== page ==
A Missouri-based contractor recently wrapped up sewer work in Brownstown to upgrade the town’s wastewater lines.
Insituform Technologies LLC put the finishing touches on the project the morning of April 13 after spending the previous afternoon sliplining the system on South Poplar Street.
Sliplining involves using specialized equipment to place a resin liner through a manhole. The liner is pulled through with steam or hot water and expands and conforms to existing pipe, and in its final form, hardens like PVC pipe.
The goal is to maximize the benefit of the length of the footage of sewers that can be lined using cured-in-place pipe technology. A cured-in-place pipe is among the trenchless rehabilitation methods used to repair existing pipelines and keep surface water from infiltrating the sanitary sewer system.
The town’s sanitary sewer system was installed in the 1950s, and a lot of those sewer lines have been infiltrated with tree roots or are just old and breaking down. Surface water has been getting into the pipes, going to the town’s wastewater treatment plant and causing problems.
Some residents experienced limited service interruption during sewer work near their home, anywhere from an hour to four hours.
The work was part of a project that sliplined 20,197 feet of sanitary sewer pipeline throughout the town, said Scott Hunsucker, superintendent of Brownstown Wastewater Utility.
The work began in the spring of 2017 and originally was expected to be completed by October, but progress was delayed by inclement weather.
The town was given an extension for the project because of the weather. The grant was set to expire in February 2018, but the state approved the extension.
The project was paid for in part by a $450,000 Wastewater Drinking Water Program grant from the Indiana Office of Community and Rural Affairs.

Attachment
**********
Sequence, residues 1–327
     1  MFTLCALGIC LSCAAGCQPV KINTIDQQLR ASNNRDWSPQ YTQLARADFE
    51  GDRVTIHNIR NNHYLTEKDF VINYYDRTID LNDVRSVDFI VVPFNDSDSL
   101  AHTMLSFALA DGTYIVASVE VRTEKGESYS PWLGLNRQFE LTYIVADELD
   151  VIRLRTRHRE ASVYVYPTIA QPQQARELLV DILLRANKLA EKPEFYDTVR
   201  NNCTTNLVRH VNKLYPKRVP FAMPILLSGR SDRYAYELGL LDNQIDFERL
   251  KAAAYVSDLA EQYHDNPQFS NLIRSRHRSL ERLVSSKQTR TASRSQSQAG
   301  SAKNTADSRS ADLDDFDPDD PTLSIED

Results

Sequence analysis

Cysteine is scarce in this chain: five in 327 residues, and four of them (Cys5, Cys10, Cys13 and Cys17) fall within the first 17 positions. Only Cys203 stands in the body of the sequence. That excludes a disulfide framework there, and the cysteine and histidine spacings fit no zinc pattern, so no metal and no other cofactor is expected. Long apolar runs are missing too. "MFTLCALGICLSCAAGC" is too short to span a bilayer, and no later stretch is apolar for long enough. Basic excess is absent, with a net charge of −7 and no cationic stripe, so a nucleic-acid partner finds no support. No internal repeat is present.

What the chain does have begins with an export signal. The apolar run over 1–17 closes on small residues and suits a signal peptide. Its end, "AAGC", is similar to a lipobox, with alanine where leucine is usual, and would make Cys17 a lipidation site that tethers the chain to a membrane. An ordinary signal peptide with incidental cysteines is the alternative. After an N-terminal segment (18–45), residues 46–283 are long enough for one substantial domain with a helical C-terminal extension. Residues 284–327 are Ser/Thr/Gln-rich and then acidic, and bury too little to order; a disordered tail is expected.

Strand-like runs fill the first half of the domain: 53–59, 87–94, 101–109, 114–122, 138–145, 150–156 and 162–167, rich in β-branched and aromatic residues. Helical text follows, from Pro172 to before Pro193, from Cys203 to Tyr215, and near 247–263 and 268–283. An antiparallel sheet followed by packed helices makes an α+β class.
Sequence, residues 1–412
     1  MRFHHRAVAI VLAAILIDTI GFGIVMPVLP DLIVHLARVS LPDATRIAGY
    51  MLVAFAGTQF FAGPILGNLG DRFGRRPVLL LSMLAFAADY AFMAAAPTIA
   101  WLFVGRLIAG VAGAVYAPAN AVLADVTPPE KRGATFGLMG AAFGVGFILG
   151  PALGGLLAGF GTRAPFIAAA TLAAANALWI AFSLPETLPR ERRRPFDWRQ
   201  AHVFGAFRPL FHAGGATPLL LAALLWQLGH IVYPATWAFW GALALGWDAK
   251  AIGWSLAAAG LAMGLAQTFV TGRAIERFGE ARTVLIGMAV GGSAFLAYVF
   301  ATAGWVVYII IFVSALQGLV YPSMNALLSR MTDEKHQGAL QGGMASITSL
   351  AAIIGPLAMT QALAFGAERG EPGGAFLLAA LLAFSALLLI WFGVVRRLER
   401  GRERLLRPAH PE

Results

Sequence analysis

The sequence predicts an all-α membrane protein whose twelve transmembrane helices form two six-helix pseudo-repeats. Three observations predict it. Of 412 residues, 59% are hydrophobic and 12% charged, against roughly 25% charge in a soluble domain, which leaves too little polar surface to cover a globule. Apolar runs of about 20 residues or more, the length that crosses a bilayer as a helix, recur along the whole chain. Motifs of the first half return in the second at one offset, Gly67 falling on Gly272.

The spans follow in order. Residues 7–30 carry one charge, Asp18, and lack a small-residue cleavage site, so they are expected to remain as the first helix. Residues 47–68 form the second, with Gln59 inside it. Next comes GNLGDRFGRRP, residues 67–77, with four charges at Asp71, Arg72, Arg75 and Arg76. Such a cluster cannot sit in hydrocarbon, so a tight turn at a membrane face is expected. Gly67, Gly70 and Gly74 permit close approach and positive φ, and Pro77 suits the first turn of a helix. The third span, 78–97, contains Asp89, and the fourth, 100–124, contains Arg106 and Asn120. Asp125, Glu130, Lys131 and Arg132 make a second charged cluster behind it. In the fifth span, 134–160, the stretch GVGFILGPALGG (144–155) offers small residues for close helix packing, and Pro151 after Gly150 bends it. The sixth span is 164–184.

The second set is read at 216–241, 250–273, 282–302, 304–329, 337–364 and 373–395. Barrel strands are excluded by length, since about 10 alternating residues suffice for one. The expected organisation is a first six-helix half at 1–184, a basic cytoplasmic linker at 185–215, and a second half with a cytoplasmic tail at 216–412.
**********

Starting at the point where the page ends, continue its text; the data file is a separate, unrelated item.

The construction budget was set at $570,244.60.
Hunsucker said the original bid was for 11,536 feet of sanitary sewers to be lined, 26 manholes to be rehabilitated and the addition of seven manholes at the end of lines to allow for lining of the sewers.
He said the work is much better than the alternative, which would be to dig up the pipelines and physically replace them.
That process would take much longer and be more inconvenient, he said.
Hunsucker said the process is more cost-effective, too.
“It is practically $30, $35 a foot to do it this way but $250 a foot when we do it with the traditional open cut,” he said, adding the material will last a long time. “Its lifespan is about 80 to 100 years.”
Due to competitive pricing and the lack of major point repairs, Hunsucker said they have added 8,549 feet of lining with an additional 2,000 feet to be added with the remaining OCRA funds.
“To complete this project, we have approximately 2,000 feet of sewer to line and one structure in the high school parking lot to be installed,” he said. “This project has allowed us to line the sewers on Bridge, Walnut and Spring streets to Ewing along with some other points scattered around town.”
The next project, which Hunsucker said he hopes comes in five years, will be to replace two lift stations, rehabilitate 68,000 feet of line and 367 manholes and add 49 manholes at the ends of dead-end lines.
“This project will hopefully cover everything else in town that isn’t PVC pipe,” he said.
Since the town received a grant for the first phase, the second phase will not be eligible for grant funding from OCRA until seven years transpires. That could be bonded, and the town could seek grants from other sources.
The town’s wastewater treatment plant is designed to handle 670,000 gallons of normal flow and averages 450,000, but during big rain events, more than 2 million gallons flow through it, Hunsucker said.